Feb. 14 (UPI) -- A large-scale cyberattack last weekend that targeted Iranian infrastructure appeared to come from the United States, a senior civil defense leader in Tehran said.
The distributed denial-of-service, or DDoS, attack last Sunday was experienced by Internet users across Iran and particularly affected two mobile operators. Iranian officials said it was largely thwarted by Tehran's cyber-defenses.
Brig. Gen. Gholam-Reza Jalali, the head of Iran's civil defense organization, said late Thursday the attack probably originated from the United States.
Although tracing DDoS attacks can be "very difficult and time-consuming," Jalali said experts have nevertheless determined "the U.S. was the origin."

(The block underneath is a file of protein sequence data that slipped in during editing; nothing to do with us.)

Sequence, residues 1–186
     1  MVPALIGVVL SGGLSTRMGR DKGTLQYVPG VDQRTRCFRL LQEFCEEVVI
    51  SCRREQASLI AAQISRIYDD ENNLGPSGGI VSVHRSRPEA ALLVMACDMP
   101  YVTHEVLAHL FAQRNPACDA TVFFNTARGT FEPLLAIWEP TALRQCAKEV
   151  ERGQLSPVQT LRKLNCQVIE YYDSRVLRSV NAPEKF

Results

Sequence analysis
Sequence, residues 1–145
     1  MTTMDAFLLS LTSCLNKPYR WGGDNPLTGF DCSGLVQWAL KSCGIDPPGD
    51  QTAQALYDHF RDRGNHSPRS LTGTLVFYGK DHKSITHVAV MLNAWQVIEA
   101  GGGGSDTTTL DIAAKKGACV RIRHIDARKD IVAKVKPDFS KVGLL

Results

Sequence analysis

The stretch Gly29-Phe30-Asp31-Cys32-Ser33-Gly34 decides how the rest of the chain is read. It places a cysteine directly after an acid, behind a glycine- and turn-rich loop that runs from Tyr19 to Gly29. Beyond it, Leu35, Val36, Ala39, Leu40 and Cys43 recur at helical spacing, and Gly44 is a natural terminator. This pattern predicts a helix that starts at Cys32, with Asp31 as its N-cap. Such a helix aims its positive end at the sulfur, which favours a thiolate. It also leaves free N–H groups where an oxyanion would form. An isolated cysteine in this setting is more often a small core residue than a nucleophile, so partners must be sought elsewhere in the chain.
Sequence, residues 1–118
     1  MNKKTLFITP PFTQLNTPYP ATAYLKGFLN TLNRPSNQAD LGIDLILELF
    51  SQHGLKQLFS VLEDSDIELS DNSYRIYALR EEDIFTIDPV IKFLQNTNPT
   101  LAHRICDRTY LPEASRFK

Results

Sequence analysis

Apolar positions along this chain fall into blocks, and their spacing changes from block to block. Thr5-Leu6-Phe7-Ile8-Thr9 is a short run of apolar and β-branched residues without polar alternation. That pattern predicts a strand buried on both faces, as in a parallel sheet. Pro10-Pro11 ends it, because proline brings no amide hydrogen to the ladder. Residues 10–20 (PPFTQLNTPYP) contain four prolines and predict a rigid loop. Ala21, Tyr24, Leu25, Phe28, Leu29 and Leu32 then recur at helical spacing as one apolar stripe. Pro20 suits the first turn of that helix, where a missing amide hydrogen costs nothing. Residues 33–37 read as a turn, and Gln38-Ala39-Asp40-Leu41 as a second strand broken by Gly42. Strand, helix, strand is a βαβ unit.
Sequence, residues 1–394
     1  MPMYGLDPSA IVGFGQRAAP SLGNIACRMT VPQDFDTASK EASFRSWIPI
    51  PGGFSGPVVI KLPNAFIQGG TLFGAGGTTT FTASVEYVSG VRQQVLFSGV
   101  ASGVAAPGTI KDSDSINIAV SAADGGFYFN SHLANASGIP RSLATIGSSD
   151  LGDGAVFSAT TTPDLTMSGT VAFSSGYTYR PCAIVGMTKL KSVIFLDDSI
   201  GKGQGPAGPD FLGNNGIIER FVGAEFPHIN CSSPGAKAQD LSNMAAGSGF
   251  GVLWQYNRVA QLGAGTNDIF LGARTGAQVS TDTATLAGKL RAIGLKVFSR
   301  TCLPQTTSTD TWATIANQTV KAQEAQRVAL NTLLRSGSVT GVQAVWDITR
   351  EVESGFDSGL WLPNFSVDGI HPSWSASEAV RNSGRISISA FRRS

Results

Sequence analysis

"The Americans' cyberattack has been foiled by our cyber defense unit," he added, warning that the episode may have served as a stalking horse to assess the feasibility for a larger, future attack.
The civil defense chief said the United States has resorted to repeated cyberattacks against Iran after "failing to give a military response to our recent shootdown of their unmanned aerial vehicle in the Iranian waters as well as our missile attack on Ain al-Assad base [in Iraq]."
Despite repeated attempts, he said, the U.S. attacks have failed to seriously damage any of Iran's infrastructure.
Jalali's remarks came shortly after an Israeli cyberdefense firm reported that the Palestinian Authority in Gaza was also targeted by a cyberattack recently.
The Cybereason report said Thursday the hacks involved the Iranian-supported MoleRATs group, which is affiliated with Palestinian Sunni-Islamic militant organization Hamas. The West Bank-based Palestinian Authority has at times conflicted with Hamas, the de facto ruler of the Gaza Strip.